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Why the Rays Have a Shot in 2011: Dissecting the Projections

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Last week I took a look at historical reasons why the Rays still have a chance to compete for the playoffs in 2011. This week, I focus more closely on the statistics.

I don't think it's a stretch to say that all baseball fans - whether you're an identified stathead or ardent traditionalist - love preseason projections. Since teams change so much over the winter and Spring Training can drag on for ages, we all want to know how good our team is going to be this season. Optimism runs abound, as fans of losing franchises can convince themselves that things are going to change, and everyone debates about which players are going to break out or bust in the coming year. There's so much uncertainty, and everyone wants to get their opinions heard.

While rosters still aren't set for 2011 - I'm still keeping my fingers crossed for one more trade - the projections and speculation have already begun. Jason Hanselman created a fantastic projection calculator that anyone can use, and he pegs the Rays at around a 92-win team. The CAIRO projections pegged the Rays as an 87-win team before the Farnsworth, Ramirez, and Damon deals, while the ZiPS projections put the Rays at a similar talent-level all the way back in November. Our own PGP also did some recent WAR projections, and had the Rays at around a 94-win talent level.

These number may vary slightly, but when you adjust the old projections for the recent additions made by the Rays, all the projection systems come near to an agreement: as constructed currently, the Rays are around a 90-92 win team. This total puts the Rays a few games behind the Yankees and Red Sox, as both their rosters project about 3-5 wins better.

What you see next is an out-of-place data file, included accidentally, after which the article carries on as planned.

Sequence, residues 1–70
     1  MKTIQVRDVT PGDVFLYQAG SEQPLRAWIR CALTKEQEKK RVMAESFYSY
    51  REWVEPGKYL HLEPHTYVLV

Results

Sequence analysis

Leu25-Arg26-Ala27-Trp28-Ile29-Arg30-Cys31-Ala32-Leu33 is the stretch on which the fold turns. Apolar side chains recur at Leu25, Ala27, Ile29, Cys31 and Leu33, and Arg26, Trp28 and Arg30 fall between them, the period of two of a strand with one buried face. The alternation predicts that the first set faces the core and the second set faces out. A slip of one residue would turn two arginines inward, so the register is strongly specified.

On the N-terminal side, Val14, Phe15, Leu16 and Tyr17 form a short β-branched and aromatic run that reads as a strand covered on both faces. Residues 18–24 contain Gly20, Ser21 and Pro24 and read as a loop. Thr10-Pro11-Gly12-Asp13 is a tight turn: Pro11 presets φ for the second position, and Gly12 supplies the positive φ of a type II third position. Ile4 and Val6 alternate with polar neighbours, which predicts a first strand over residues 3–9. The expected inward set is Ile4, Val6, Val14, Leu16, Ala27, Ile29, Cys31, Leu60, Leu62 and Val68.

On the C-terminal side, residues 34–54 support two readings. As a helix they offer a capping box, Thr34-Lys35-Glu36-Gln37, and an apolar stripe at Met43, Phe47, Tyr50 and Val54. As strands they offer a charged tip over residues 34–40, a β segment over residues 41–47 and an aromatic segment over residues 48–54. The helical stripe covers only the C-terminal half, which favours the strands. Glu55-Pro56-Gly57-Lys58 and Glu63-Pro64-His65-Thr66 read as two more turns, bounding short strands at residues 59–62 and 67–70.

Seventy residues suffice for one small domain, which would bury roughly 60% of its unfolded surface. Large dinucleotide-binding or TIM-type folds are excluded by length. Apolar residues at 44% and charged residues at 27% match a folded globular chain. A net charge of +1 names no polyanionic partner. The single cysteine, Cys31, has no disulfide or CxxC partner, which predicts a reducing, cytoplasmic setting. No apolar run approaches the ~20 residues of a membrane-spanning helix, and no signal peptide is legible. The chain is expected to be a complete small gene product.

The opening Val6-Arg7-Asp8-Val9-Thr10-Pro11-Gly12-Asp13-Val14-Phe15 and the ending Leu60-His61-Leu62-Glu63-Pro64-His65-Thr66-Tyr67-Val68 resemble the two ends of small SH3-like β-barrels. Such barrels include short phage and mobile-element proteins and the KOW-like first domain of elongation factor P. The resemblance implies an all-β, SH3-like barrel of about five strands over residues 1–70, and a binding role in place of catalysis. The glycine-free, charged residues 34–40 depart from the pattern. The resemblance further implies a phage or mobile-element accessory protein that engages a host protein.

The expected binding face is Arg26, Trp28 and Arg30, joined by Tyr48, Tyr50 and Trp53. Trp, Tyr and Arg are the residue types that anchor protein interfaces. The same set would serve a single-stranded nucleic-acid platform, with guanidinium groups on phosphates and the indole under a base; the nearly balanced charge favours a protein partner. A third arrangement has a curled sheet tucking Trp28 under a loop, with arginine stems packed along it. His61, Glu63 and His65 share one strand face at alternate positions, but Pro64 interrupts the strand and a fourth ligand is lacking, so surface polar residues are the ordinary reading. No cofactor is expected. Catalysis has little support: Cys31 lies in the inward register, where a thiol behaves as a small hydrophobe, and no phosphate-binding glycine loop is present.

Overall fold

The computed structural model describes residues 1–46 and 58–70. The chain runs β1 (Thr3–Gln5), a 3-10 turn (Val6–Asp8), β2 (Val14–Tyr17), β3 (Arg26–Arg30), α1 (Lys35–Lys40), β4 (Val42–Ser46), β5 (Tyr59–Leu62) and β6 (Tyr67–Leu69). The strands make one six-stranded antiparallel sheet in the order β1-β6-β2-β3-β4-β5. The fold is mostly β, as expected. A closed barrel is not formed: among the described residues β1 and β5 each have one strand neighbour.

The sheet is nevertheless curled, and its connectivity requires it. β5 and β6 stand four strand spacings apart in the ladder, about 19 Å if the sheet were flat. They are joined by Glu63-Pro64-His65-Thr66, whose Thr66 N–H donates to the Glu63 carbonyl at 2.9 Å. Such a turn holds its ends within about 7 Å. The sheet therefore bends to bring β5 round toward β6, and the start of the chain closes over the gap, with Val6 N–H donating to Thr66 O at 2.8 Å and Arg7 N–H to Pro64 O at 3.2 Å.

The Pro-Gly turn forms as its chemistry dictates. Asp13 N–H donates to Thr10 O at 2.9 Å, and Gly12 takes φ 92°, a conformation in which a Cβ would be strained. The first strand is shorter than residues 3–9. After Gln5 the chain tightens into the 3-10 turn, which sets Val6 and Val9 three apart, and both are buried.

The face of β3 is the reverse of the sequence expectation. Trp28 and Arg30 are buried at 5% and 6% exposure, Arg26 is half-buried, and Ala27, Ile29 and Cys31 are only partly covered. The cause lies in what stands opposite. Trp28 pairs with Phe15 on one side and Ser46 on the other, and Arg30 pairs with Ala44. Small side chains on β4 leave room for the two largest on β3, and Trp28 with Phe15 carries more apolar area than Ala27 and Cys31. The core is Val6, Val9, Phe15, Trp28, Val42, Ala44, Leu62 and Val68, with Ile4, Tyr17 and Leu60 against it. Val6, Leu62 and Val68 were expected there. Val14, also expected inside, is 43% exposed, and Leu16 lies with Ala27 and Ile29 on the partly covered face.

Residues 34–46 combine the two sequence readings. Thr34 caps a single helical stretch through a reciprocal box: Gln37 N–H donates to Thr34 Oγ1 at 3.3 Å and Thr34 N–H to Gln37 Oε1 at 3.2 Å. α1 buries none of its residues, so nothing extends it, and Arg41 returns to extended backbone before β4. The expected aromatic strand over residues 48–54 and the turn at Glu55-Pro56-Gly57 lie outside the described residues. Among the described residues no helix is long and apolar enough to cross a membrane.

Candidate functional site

Fear not, though! These projections are great news for Rays' fans, and give us a great reason to be excited about this upcoming season. Despite whatever the media may say, the Rays are in the playoff hunt and have a darn good chance of making it too. My reasoning? Variability.

Projections are treated by most people as hard fact, when in fact there is a high degree of variability built into them. Projections are best viewed as estimates of a player or team's "true talent level" - in short, how good we think they are based on all the information we have on them. But as we all know from our day-to-day lives, having a "true talent" at a particular level does not necessarily mean you'll perform at that level going forward.

Let's considering two examples. The first one is simple: flipping a coin. We'd expect that a normal coin would have a "true talent level" of landing heads 50% of the time, right? If you flipped that coin 100 times, though, it may be that you'd end up with 53 heads and 47 tails....or with 45 heads and 55 tails. You'd be most likely to end up with a result close to 50/50, but it's no guarantee that things would end up precisely at the coin's true talent level every single time.